The Alsobrooks Administration Outlines Commitment to Public Safety Amid Budget Deficits

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Over the course of my administration, we’ve focused our County spending on the Proud Priorities, a set of promises we’ve made to the people of Prince George’s County. In practice, our budget has made critical investments in education, safe neighborhood programs, economic development, and improving all Prince Georgians' quality of life. At the same time, we’ve worked to build a stronger financial foundation through each budget cycle, prioritizing investments that help improve our finances as we work to grow Prince George’s economy. 

During the upcoming budget cycle, we’re anticipating a sizeable budget deficit. It’s too early to say exactly what amount the deficit will be, but what I can tell you is this; communities across the state and across the country are dealing with the exact same problem.   

[Read More: County Executive Angela Alsobrooks Announces Budget Priorities for 2024 Legislative Session to Boost Investments in Healthcare and the Economy]  

Looking forward, Maryland Governor Wes Moore outlined his concerns on the State of Maryland’s budget this past summer. He noted that there are structural problems with our current budget allocations, but that, “The trouble underneath the surface was masked by federal cash and big stock gains during COVID.” 

Last Year's Budget Deficits  

Budget deficits are nothing new. Dealing with them calls for planning and prudence. Our community navigates the budget process every year by balancing spending with revenue in a way that best serves Prince Georgians.  

County Executive Alsobrooks attending January 10th, 2024, Legislative Opening Day County Breakfast.

During the budget process last year, like many families sitting around the kitchen table, we had to make difficult choices. Even though we faced a shortfall, we never compromised on funding for public safety.

Police Department Funding  

Our final budget included $390 million dollars in funding for our Police Department, a 6% increase over last year’s budget. That funding supports four new recruit classes for a total of 120 new officers, as well as continued recruitment incentives for new officers. In addition, we provided funding for the Police Explorers Program to expose young people to positive interactions with our police officers and potential careers in law enforcement.  

This past year, we opened a new canine training facility, as well as a new vehicle training facility for officers. We also broke ground on a new Special Operations Division Center. My administration remains committed to ensuring our public safety agencies have the resources they need to effectively serve our communities and keep residents safe. Even amid budget constraints, replacing aging public safety infrastructure with state-of-the-art facilities is a high priority.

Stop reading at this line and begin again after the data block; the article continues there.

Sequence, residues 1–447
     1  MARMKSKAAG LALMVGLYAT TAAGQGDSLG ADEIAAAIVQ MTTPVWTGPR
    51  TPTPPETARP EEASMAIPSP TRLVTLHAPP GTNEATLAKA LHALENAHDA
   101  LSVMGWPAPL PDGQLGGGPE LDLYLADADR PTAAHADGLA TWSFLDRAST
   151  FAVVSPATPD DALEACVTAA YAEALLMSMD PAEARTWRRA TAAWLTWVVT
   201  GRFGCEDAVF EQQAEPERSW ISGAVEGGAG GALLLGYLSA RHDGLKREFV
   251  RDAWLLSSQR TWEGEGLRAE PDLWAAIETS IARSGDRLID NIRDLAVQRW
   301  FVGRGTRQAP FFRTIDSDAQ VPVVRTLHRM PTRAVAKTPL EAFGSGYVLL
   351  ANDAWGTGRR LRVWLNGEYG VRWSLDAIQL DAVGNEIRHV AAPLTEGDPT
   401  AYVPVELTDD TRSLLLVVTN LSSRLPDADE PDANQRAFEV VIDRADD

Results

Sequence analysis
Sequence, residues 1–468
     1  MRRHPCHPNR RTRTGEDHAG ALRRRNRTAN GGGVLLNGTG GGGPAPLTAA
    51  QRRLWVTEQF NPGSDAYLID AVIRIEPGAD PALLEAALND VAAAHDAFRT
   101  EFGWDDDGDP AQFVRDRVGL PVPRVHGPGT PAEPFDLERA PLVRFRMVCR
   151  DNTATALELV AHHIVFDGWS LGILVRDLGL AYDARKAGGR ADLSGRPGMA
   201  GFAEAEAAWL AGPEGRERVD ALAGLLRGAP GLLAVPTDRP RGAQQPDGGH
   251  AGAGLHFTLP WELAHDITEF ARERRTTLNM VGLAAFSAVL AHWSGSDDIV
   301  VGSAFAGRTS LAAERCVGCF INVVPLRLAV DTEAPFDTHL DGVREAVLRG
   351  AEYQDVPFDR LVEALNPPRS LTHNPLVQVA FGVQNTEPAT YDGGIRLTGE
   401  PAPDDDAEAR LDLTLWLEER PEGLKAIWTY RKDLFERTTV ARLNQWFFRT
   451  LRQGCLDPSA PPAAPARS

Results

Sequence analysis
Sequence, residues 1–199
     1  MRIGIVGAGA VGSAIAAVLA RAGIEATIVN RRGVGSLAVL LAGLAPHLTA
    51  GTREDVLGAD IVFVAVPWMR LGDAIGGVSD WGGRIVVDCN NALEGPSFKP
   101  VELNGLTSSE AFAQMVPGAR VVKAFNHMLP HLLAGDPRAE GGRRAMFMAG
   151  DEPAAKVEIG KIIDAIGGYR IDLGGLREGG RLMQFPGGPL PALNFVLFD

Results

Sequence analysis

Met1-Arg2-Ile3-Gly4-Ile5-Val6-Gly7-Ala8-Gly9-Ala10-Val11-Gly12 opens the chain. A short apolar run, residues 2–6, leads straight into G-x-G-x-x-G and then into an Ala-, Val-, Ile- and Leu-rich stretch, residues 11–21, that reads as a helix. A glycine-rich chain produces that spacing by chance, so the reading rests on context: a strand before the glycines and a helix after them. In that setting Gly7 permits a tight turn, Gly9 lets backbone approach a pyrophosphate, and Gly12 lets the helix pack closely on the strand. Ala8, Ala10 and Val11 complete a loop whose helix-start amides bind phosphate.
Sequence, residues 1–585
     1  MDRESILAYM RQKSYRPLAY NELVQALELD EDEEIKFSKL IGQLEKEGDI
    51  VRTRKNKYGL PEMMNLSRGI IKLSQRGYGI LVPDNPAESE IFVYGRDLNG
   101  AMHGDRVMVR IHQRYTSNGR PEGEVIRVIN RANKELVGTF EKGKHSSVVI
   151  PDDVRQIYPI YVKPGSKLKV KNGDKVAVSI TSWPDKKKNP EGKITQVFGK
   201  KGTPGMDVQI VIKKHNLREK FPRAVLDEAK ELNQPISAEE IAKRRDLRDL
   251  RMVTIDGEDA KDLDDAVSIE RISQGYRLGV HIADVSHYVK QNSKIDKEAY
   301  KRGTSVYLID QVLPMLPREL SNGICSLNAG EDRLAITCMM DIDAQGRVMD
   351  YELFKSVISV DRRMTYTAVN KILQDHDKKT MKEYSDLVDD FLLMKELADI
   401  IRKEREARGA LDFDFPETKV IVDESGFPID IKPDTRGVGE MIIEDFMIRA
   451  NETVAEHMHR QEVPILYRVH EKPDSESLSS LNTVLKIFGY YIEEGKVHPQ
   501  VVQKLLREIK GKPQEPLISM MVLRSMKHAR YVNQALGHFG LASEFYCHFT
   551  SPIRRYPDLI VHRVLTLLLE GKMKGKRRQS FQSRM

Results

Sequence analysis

Fire/EMS Funding

We also know that when our residents have a fire or medical emergency, they rely on the swift response of our Fire/EMS Department. That’s why we allocated $261 million to our Fire/EMS Department, an increase of more than 8% over last year. That funding will support three new recruit classes for a total of 96 new firefighters.  

State's Attorney Funding

The State’s Attorney’s Office received $25.3 million in funding last year, an increase of nearly 14% over the prior year’s budget, which is one of the largest percentage increases of any County agency. This funding helped support the hiring of six new Assistant State’s Attorneys (ASAs) and the retention of current ASAs, as well as the creation of a new unit within the office. We delivered on this important funding for the State’s Attorney’s Office to ensure they have the resources they need to hold people accountable who commit acts of violence against our community.  

This Year's Budget

As we approach this year’s budget cycle, we are considering multiple options to close the gap. None of the options we’re considering include cuts to public safety funding. Amid an ongoing nationwide shortage, we need more police officers and firefighters, not less.   

[Read More: Join County Executive Alsobrooks for this year's virtual Budget Listening Session and share your budget suggestions]

At the end of the day, budgets are about priorities. Over the past few years, we’ve made historic investments in public safety while working to transform our Police Department to better serve the needs of this community.  During a time when rising crime remains a top concern of families across our region and across the nation, my administration remains committed to the men and women who keep Prince George’s County safe.   

Yours in Service,  

Angela Alsobrooks  
Prince George’s County Executive